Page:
“The simulators are very helpful in that each one of the new and upcoming wheelmen will go through the course prior to being accepted into the Florida Marine pilothouse training program,” Wiltz said. “The Morgan City stretch of the Atchafalaya (River) is the most crucial part of the simulator training.”

FMT engages its senior captains to mentor the younger trainees before they run through steersman training on the simulators. “I’ve gone there a couple of times to give the new recruits some pointers and explain the Morgan City bridges before they get on the simulators,” said Capt. Kirby Dupuis.

With 48 years of experience running the Morgan City stretch of the Atchafalaya without incident, Dupuis is well qualified to pass on pointers to prospective pilots. “I’ve run the bridges with all kinds of tows and I’ve never hit them,” he said.

Dupuis abides by a very clear set of checks and procedures on what is considered one of the most demanding stretches of river in the country to navigate a tow. On an early morning in November, the captain displayed his skills aboard the 90-foot, 2,600-hp FMT towboat Capt. Jerry J. Wiltz. The boat was headed south on the Atchafalaya, coming from Krotz Springs, La., with two empty tank barges destined for the Sun Oil Terminal at Beaumont, Texas.

Dupuis took time to describe his way of making the Morgan City bridges. Just above the city, southbound out of Stouts Pass, Swiftships shipyard was on the port side of the tow as it entered Berwick Bay. Next was the Conrad Industries shipyard at Conrad Point, left bank descending, on the Morgan City side of the river.

After making the turn around Conrad Point, Dupuis checked the tow’s direction by looking back at the Berwick Lock where Bayou Teche enters the Atchafalaya River.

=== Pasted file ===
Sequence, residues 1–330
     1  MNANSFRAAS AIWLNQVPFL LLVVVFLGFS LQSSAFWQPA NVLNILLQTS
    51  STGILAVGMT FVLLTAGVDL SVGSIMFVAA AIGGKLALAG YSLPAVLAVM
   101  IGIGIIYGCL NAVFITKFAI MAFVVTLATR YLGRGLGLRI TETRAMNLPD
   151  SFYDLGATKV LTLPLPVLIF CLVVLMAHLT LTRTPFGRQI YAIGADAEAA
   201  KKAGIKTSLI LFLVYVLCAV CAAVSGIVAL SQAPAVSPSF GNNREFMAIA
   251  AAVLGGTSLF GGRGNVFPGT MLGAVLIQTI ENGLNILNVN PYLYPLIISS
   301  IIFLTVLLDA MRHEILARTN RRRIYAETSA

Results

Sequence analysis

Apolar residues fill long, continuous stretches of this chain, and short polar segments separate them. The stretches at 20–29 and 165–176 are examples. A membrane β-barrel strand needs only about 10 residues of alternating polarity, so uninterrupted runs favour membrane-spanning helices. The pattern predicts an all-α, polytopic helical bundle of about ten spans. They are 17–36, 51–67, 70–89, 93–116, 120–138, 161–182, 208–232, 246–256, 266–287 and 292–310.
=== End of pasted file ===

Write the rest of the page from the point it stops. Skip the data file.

“If the stern is even with the lock, you’re OK. If the stern is sliding to starboard, then you have to come ahead a little to outrun the slide,” he said.

It is also built to stand up to the elements, with hurricane-proof windows and waterproof exterior tiling.

With the tow moving slowly ahead, Dupuis contacted VTS Berwick Bay, commonly known as Berwick Traffic. The facility, with direct control of vessels transiting two highway bridges and a railway bridge, is located at the Coast Guard Marine Safety Office in Morgan City. Owing to the strong currents, the VTS center maintains one-way traffic through the bridges. During high water and the resulting stronger currents, a tug with low horsepower relative to the length and width of its tow is required to hire an assist tug while transiting the spans.

Running southbound, first up is the Highway 182 bridge, then the Highway 90 bridge followed by the railway bridge, each a few hundred yards apart. “If you have a long tow, the head will be at the railway bridge before you’ve cleared the 90 bridge,” Dupuis said.

With the bridges on the stern it’s smooth sailing, followed by a right turn to enter the Gulf Intracoastal Waterway toward Beaumont.